NPR logo

Gulf Waters Open For Recreational Fishermen

  • Download
  • <iframe src="" width="100%" height="290" frameborder="0" scrolling="no" title="NPR embedded audio player">
  • Transcript
Gulf Waters Open For Recreational Fishermen

Around the Nation

Gulf Waters Open For Recreational Fishermen

Gulf Waters Open For Recreational Fishermen

  • Download
  • <iframe src="" width="100%" height="290" frameborder="0" scrolling="no" title="NPR embedded audio player">
  • Transcript

Some waters in the Gulf of Mexico are reopening to recreational fishing. With the BP fix continuing to keep oil from leaking in the Gulf, there is a bit of new hope in the area.

GUY RAZ, host:

For people in Louisiana, this weekend has been very good, the first good weekend in months. Recreational fishermen were given the green light to head out on the water and cast away.

As NPR's Russell Lewis reports now from Grand Isle, Louisiana, it's the first time in a long time people had news to be happy about.

RUSSELL LEWIS: Here's something that hasn't been heard too often in Grand Isle in recent weeks.

(Soundbite of boat)

LEWIS: A small boat decked out with fishing rods and a family heading out in search of dinner. It's the first time since April Dub Gibbens, his wife Charlene and their grandson have been back on the water.

Louisiana officials halted all fishing after the Deepwater Horizon exploded. But they reopened most of the recreational waters on Wednesday after tests found no traces of oil in fish. Despite a few rain showers overheard, Charlene didn't mind it a bit.

Ms. CHARLENE GIBBENS: It's wonderful. It's been truly a depressing three months for us since it's so much a part of our life.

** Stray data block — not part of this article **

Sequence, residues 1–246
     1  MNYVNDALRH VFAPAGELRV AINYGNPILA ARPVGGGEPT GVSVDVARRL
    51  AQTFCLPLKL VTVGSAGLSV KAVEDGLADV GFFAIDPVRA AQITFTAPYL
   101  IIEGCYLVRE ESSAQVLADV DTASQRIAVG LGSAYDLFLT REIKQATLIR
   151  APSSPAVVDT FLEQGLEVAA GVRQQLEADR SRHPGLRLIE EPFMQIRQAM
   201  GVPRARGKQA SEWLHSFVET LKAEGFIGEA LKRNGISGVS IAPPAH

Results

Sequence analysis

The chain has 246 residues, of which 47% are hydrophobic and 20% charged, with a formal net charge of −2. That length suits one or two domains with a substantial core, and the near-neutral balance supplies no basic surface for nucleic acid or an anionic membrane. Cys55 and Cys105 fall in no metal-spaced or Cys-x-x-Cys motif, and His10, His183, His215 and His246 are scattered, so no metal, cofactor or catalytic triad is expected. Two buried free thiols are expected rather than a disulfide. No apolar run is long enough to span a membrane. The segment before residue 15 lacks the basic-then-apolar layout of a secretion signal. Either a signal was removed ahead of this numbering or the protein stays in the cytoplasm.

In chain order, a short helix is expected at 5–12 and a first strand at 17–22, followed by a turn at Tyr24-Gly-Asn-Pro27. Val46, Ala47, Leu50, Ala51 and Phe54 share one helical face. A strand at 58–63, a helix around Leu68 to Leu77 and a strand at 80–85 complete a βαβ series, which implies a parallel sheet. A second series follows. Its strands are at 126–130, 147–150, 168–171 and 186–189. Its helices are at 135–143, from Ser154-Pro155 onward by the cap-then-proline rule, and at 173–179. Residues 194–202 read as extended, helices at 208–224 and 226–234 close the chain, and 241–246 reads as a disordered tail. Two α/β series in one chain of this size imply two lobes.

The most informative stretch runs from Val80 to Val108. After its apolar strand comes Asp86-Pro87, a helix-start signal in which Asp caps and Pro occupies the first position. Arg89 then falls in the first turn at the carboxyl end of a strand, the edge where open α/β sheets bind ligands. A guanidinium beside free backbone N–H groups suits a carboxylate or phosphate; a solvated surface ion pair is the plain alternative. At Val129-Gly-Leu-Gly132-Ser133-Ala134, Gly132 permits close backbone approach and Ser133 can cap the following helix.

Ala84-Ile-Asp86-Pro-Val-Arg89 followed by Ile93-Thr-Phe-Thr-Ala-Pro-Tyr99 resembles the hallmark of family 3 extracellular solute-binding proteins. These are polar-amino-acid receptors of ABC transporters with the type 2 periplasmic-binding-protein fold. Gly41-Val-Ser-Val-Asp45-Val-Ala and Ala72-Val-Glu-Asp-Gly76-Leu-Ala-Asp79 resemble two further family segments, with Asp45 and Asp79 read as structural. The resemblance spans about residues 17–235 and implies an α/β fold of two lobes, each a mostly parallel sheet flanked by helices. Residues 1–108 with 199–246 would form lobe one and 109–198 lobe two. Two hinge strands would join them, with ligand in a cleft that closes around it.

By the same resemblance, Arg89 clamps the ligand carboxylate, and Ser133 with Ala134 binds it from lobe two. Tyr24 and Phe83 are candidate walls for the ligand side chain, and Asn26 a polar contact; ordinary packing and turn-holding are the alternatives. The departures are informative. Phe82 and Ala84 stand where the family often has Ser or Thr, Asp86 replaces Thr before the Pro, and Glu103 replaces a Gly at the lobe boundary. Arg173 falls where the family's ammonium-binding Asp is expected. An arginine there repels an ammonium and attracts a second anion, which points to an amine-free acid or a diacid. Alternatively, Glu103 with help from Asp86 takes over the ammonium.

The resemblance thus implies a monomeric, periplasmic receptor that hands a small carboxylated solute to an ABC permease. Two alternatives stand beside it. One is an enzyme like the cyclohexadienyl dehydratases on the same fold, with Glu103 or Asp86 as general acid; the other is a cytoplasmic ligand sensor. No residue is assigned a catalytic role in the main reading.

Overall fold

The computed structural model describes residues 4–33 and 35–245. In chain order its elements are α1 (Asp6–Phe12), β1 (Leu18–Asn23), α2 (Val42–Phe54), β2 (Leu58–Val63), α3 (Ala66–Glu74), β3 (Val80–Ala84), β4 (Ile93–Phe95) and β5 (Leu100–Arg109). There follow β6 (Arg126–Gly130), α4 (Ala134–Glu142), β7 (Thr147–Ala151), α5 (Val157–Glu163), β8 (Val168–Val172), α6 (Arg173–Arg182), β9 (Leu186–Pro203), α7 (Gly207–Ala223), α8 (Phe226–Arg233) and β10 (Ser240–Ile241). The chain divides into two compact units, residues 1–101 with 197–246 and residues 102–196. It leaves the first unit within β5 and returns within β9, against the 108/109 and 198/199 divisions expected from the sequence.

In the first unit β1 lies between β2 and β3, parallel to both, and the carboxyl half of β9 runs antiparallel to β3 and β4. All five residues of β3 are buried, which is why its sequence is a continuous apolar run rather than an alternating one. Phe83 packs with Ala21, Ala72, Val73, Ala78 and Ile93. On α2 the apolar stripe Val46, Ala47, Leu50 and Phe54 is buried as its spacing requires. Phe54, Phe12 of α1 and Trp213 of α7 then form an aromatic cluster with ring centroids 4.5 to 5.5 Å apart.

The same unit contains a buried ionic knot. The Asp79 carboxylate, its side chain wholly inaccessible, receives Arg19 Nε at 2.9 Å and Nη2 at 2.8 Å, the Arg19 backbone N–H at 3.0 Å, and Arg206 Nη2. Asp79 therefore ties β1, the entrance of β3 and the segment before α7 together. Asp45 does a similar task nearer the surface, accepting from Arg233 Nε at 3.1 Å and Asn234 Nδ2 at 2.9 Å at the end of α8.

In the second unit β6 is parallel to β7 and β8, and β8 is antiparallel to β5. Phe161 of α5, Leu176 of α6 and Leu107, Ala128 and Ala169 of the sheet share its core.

LEWIS: Recreational fishermen who live in Grand Isle and others who drove in from around the state were just as excited.

Mr. CHUCK ROQUES: So we have a few nice ones in here, you know, down the bottom.

LEWIS: That's Chuck Roques of New Orleans showing off his catch of trout. He and his friends left the docks at first light and were back by 10 a.m.

Mr. ROQUES: I would catch a fish every single cast. Every single cast I would bring in one or two fish. And it's as good as ever been.

LEWIS: But the docks aren't as full as they can be. Hundreds of thousands of people come to this part of Louisiana to fish each year, bringing an estimated billion dollars in economic impact. But the recreational industry has been hit hard. Most shops have very little live bait, because commercial suppliers are still prohibited from fishing in state waters.

At Gulf Stream Marina, manager Stella Ray opens an almost bare freezer.

Ms. STELLA RAY (Manager, Gulf Stream Marina): What I have is about two dozen cups of frozen shrimp, and each cup holds about one pound of shrimp.

LEWIS: Ray says she's happy the recreational waters are open, but disappointed her 50-foot marina is empty.

Larry Kramer and his girlfriend just pulled their boat out of the water after a successful morning. He caught dozens of fish, but threw most of them back. He's worried about the health of the fish.

Mr. LARRY KRAMER: This is kind of like a trial basis. We don't know what we're going to find. We don't know if the testing of them is, you know, far enough along to let us know if we have any tainted fish. We're just hoping for the best.

LEWIS: Back on the water, Charlene Gibbens grips her rod and a big smile crosses her face as the tip jerks downwards.

Ms. GIBBENS: All right, all right, first fish.

Unidentified Man: (Unintelligible)

Ms. GIBBENS: Oh, we got to see. If it's a trout, it's a good fish. But I'm not sure it's a trout. Oh, yeah.

LEWIS: It wasn't a speckled trout on the line but a two-pound catfish, which she threw back. Still, she says, a catfish is better than no fish at all, especially when it's been three months since she's been able to cast a line in the water.

Russell Lewis, NPR News, Grand Isle, Louisiana.

Copyright © 2010 NPR. All rights reserved. Visit our website terms of use and permissions pages at for further information.

NPR transcripts are created on a rush deadline by Verb8tm, Inc., an NPR contractor, and produced using a proprietary transcription process developed with NPR. This text may not be in its final form and may be updated or revised in the future. Accuracy and availability may vary. The authoritative record of NPR’s programming is the audio record.